A stunningly simple text logo represents Brit alt band Muse. What’s the font? You’ll have to read to find out. We’ll also take a look at some odd similarities between the Muse debut EP cover and Terry Gilliam’s 1995 sci-fi flick, Twelve Monkeys.
British band Muse got their start In 1994, when under the name Rocket Baby Dolls they entered, and won, a local battle of the bands contest. Shortly after the contest, the three members – Matthew Bellamy, Christopher Wolstenholme and Dominic Howard – decided to quit their jobs, change the band name to Muse, and move away from Teignmouth, their home town.
Officially, the band chose the name because it was short and after someone suggested that the reason that a lot of bands were forming around Teignmouth due to “a muse hanging about“. The band name was successfully trademarked by Bellamy on 21st July 1999, leading to numerous legal actions and skirmishes, including one with Canadian songstress Celine Dion. In 2002, Dion planned to name her Las Vegas show “Muse” and even offered $50,000 for the rights but the band rejected the offer, not wanting to “turn up (in Las Vegas) with people thinking we’re Celine Dion’s backing band.”
One odd, and often discussed aspect of the Muse name and logo, is in relation to Terry Gilliam‘s sci-fi movie Twelve Monkey‘s starring Bruce Willis. In one scene (above), Willis’ character is looking at a series of posters that have been plastered over lamp standards and walls. One of the posters that Willis’ character tears down announces a Muse performance at a club called The Vortex. The image and logo look strangely similar to Muse’s first EP release. That limited edition was limited to 999 copies with each copy featuring hand numbered stickers and is a highly prized collector’s item. According to the band, the cover features colored photocopies of Dominic Howard’s face (he designed the cover, right, as well). Twelve Monkeys was released in 1995 while the band’s debut recording wasn’t released until 3 years later in 1998 suggesting that the logo and artwork was inspired by the film. No official word, but forum discussions often turn to arguments of the ‘chicken and the egg’ variety.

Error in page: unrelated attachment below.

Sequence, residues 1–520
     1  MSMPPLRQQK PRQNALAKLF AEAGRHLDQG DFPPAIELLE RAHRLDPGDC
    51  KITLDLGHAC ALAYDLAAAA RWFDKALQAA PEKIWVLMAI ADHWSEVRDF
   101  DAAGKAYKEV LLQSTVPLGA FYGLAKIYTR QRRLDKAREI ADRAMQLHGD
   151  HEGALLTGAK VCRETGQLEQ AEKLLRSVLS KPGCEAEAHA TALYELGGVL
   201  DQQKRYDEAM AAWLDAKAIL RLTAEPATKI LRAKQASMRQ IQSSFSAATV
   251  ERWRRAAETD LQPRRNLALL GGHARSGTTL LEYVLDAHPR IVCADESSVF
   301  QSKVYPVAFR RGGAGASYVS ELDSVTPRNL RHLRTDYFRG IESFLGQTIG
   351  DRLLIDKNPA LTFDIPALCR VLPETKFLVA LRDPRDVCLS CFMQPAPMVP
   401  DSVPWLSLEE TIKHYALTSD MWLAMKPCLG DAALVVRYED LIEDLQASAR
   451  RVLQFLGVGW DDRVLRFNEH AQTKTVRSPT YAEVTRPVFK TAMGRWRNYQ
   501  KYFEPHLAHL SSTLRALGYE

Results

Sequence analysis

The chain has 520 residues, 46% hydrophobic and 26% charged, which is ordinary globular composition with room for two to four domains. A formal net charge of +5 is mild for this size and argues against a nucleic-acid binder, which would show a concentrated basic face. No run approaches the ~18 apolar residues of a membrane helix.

A question often posed on fan forums is regarding the font used in the simply design. That would be Fruitiger 75 Black, designed by Adrian Frutiger and distributed by Linotype. As an aside, the cover for Muse’s latest album, The Resistance, designed by London based design company La Boca, won the Best Art Vinyl Award 2009, for its artwork (below).
On a personal note, the Mrs and I took in Muse at the ACC Centre when they were in town in March. Let me tell you this – Bellamy and the boys put on one helluva show. I’ve been attending rock concerts for over 35 years and I’ve never been blown away by lightning and staging wizardry like I was that night. Muse have a reputation of being one of the premier live acts today, and it’s very well earned.
I’ve added a couple of my personal pics from the show (above and below) which prove, overall, 3 things. 1) an iPhone is a remarkably bad way to photograph any concert, 2) our seats weren’t the best (but the show still rocked) and 3) concert promoters should probably rethink the “recording devices and cameras prohibited at tonight’s performance” caveats on the back of tickets.
This is part of an ongoing series of So You Think You Know Logos? Each day, we’ll publish information, interesting trivia and back stories about famous logos. Tune in tomorrow for our So You Think You Know Rock Logos? quiz featuring the designs we’ve discussed this week as well as a few additional surprises. To keep up in the latest logo design trivia, subscribe to our blog via e-mail or through your favorite news reader.